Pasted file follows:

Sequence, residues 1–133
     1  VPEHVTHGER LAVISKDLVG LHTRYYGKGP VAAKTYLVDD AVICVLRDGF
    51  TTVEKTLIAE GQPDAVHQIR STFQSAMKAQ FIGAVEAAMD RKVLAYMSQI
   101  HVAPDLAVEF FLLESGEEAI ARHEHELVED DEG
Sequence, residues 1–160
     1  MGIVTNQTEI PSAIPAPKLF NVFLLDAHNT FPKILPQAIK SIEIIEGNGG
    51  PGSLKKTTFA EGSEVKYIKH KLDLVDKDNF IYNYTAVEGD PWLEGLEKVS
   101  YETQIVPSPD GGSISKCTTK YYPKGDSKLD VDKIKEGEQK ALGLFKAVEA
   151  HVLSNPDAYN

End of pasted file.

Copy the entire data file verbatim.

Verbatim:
Sequence, residues 1–133
     1  VPEHVTHGER LAVISKDLVG LHTRYYGKGP VAAKTYLVDD AVICVLRDGF
    51  TTVEKTLIAE GQPDAVHQIR STFQSAMKAQ FIGAVEAAMD RKVLAYMSQI
   101  HVAPDLAVEF FLLESGEEAI ARHEHELVED DEG
Sequence, residues 1–160
     1  MGIVTNQTEI PSAIPAPKLF NVFLLDAHNT FPKILPQAIK SIEIIEGNGG
    51  PGSLKKTTFA EGSEVKYIKH KLDLVDKDNF IYNYTAVEGD PWLEGLEKVS
   101  YETQIVPSPD GGSISKCTTK YYPKGDSKLD VDKIKEGEQK ALGLFKAVEA
   151  HVLSNPDAYN